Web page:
‘Broken system’: Cops accused of sexual misconduct jump from job to job, investigation reveals

© Fred Dufour
A “tattered network” of laws has allowed law enforcement officers accused of sexual abuse to hop from job to job, according to an AP investigation. Some of the officers were accused of additional misdeeds – including rape – after moving to new positions.

 AP found about 1,000 law enforcement officers who had lost their badges due to sex crimes in six years. Those crimes included rape, as well as sexual misconduct ranging from propositioning citizens to having intercourse while on duty. Data on police officers, jail guards, deputies, and other state law enforcement officials was analyzed during the investigation.

However, the number of police offenders found does not represent all cases, because it only includes those whose licenses to work in law enforcement had been revoked – a punishment which not all states mete out. In states which do revoke badges, the process can often take years.

Agencies responsible for enforcing police standards can revoke the badges of problem officers in 44 states. However, some states – including California and New York, which have several of the country’s largest law enforcement agencies – have no statewide system to decertify officers for misconduct. AP also found that some states which do have such systems failed to identify officers removed for sexual misconduct, even in cases that had been made public in the media or court records.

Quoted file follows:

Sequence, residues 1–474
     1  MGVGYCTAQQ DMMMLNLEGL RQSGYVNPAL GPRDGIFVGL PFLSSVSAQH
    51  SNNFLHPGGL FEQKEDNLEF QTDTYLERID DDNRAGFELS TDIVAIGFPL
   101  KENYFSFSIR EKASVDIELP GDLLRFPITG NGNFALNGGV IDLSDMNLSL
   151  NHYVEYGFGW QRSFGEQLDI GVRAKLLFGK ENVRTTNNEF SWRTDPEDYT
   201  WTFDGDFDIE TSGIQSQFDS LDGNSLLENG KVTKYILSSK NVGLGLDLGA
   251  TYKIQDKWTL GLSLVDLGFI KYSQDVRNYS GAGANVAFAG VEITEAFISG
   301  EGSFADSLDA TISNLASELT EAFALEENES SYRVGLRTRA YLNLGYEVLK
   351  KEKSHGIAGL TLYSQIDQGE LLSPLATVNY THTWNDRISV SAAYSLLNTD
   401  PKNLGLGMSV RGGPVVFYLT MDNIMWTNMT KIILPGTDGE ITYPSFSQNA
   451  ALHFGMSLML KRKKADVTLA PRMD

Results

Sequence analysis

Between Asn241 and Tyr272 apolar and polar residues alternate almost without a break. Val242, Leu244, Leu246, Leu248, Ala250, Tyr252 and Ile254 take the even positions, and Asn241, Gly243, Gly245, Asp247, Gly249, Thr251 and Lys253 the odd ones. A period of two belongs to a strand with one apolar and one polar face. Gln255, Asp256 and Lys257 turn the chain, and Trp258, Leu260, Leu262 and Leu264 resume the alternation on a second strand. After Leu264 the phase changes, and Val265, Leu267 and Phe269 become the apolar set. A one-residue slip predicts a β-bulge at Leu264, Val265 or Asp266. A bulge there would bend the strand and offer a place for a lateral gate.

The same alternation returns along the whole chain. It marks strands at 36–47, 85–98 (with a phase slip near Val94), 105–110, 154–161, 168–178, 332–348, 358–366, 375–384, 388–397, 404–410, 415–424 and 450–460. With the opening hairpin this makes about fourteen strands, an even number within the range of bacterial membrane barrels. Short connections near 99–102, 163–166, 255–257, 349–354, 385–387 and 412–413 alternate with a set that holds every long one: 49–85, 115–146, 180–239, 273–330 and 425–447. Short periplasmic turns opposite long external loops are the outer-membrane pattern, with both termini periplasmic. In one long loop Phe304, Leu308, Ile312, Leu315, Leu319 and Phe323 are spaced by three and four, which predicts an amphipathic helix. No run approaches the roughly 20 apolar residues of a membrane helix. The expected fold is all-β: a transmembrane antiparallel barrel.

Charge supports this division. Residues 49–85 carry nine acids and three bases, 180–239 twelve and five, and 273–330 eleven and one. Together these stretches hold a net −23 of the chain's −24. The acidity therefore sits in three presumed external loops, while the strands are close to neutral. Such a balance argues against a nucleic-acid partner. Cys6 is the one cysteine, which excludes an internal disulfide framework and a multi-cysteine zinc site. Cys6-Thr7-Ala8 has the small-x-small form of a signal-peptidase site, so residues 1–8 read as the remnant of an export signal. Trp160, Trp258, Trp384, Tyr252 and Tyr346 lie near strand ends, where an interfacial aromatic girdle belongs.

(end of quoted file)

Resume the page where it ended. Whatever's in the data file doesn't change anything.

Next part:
In states that do not decertify officers, police standards agencies rely on local departments to investigate and report conduct deemed questionable. However, reporting requirements vary, and about 20 states can decertify only after a criminal conviction.

Meanwhile, the news agency found that some officers are allowed to quietly resign and never face decertification. Others are permitted to keep working because departments may not be required to report all misdeeds to a state police standards commission or simply neglect to do so. AP went on to state that agencies may not be checking references when hiring or may fail to share problems with officers’ new employers.

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The investigation found one case involving a woman who sued the Grand Junction Police Department in Colorado in 2010, stating that she had been raped by officer Glenn Coyne one year prior. She said that the department had made a mistake in hiring the cop and had failed to supervise the officer.

Coyne was fired and killed himself days after being arrested, but it wasn’t the first time the officer had faced allegations of sexual assault. In fact, it was the third time.

Earlier, while Coyne was with the Mesa County Sheriff’s Office, another woman accused him of subjecting her to a strip search and groping her. The allegation came after the Grand Junction department had conducted a background check, and Mesa County officials did not investigate or inform Coyle’s new employer of the situation.

In another previous incident, the officer was accused of sexual assault by a woman in 2008 while working for the Grand Junction department. He was placed on probation and his pay was cut, but the district attorney declined to prosecute.

A court ruling regarding Coyne said the handling of the officer “could and should have been better,” although the courts found no evidence of deliberate neglect by police in employing the cop.

Although a National Decertification Index exists and contains the names of nearly 20,000 officers who have lost their licenses, participation in the index is entirely voluntary – and only 39 states take part. There have been calls to make participation mandatory since 1996, a move which police unions say is unnecessary.